âMy sound is simply what Iâm trying to convey at the moment. Sometimes it is loud and aggressive, sometimes soft and loving. Itâs all rock n' roll, rooted in the blues.â

So what do the blues mean to Paul: âI believe that the blues is almost a primeval form of music. The entire idea behind the music is pure emotion. There is an argument that all music is like this, but I believe blues music is emotion in its purest form.

âWhen you strip down to the deepest part of emotion, you can learn a lot about yourself and your true beliefs. The blues are everything to me. The music shapes the way I view the entire universe and the possibilities beyond.â

Why does the blues continue to generate such a devoted following? âRock and blues are simple and pure forms of music. The purity of the sound and its emotion is easy to relate to at any age. It just comes down to exposure and introduction. I have found that when people of all walks of life are exposed to the music, they are fans for life. Itâs not a passing fad; the music has obviously stood the test of time.â

Paulâs main influences are mainly all British. âThe full list would be far too long, but the original British blues scene was the true saviour of the blues. Some of my greatest influences are Peter Green, Robin Trower, Steve Marriott, and Alvin Lee. These musicians have had a profound effect on my playing and my songwriting.â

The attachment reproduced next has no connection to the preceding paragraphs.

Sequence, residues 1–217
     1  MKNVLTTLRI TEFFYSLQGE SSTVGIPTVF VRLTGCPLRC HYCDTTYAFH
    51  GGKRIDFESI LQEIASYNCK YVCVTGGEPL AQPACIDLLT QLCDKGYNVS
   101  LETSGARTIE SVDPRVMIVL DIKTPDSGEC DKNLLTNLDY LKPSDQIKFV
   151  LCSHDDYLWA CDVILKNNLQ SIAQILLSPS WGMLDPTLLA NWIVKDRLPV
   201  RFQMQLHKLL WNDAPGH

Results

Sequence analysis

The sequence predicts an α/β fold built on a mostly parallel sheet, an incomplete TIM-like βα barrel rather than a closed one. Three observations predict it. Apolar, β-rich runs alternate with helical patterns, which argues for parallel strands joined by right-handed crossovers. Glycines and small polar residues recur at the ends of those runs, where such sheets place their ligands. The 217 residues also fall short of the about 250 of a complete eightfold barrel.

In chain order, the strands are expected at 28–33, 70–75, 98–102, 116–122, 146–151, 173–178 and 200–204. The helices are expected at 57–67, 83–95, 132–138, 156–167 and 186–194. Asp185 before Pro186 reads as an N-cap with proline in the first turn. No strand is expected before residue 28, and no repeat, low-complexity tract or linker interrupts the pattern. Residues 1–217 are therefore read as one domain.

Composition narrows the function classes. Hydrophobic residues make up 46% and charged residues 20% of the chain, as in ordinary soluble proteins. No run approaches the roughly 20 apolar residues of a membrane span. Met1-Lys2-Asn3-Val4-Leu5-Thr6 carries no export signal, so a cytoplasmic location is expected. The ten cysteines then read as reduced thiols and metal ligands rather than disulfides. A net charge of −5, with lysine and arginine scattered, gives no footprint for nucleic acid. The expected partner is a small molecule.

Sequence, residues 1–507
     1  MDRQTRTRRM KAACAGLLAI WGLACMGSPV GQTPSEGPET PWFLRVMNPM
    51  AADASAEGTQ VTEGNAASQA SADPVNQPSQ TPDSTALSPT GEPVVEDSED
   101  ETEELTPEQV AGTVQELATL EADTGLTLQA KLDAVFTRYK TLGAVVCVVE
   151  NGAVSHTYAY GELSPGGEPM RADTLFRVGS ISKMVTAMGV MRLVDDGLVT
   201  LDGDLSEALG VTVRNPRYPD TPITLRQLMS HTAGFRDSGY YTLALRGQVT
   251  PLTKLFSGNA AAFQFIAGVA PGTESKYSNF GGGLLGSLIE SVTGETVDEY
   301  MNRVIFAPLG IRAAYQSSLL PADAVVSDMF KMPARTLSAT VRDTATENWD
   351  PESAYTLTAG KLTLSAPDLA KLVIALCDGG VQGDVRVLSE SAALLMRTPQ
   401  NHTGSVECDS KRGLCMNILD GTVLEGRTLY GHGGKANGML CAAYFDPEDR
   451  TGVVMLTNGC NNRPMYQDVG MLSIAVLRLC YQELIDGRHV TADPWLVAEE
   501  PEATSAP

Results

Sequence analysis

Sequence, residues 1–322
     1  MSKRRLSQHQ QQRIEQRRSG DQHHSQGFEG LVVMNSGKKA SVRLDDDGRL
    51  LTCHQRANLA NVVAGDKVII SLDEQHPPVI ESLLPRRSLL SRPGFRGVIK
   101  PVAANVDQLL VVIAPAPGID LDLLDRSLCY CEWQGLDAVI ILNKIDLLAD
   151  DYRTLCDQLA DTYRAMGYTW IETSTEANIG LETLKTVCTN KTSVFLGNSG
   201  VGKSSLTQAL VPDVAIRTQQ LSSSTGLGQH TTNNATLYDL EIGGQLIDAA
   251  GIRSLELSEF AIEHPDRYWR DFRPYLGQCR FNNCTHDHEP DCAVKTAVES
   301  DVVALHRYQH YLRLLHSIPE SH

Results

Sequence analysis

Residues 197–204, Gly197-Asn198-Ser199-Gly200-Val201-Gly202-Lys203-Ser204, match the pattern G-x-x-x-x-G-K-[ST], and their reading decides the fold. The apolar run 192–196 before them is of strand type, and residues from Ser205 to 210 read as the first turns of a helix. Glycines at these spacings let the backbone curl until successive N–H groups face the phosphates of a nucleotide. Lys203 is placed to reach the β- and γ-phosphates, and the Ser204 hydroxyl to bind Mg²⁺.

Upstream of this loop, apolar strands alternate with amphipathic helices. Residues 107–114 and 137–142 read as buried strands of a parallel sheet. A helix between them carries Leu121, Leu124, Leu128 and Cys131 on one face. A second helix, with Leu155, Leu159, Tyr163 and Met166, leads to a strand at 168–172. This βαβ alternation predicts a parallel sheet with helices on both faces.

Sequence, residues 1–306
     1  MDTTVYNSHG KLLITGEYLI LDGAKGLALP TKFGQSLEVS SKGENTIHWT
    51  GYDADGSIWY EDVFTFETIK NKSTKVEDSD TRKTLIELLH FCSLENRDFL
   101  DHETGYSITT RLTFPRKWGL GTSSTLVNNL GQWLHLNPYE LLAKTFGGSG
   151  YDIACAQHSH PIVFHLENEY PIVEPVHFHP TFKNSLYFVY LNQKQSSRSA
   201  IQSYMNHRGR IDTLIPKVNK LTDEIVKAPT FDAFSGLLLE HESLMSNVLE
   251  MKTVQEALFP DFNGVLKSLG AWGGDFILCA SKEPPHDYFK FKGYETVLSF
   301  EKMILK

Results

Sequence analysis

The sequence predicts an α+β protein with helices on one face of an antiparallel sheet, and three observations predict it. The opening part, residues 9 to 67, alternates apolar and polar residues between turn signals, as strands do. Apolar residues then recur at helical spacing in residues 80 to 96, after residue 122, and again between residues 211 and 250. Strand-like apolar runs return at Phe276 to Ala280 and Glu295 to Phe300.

Another treasured UK memory for Paul is when he recorded an album here; a dream come true for the US musician and artist. âIâve played on several different recordings over the years. So many great sessions with so many different artists. I love to record. When we recorded the âTales From The Gravel,â album in Norwich, England at La Grange studios, I really felt like I had reached another first.

âI spent my youth dreaming of traveling to another country to record, and for the first time I had accomplished that. The session was amazing and I will treasure the experience for a lifetime.â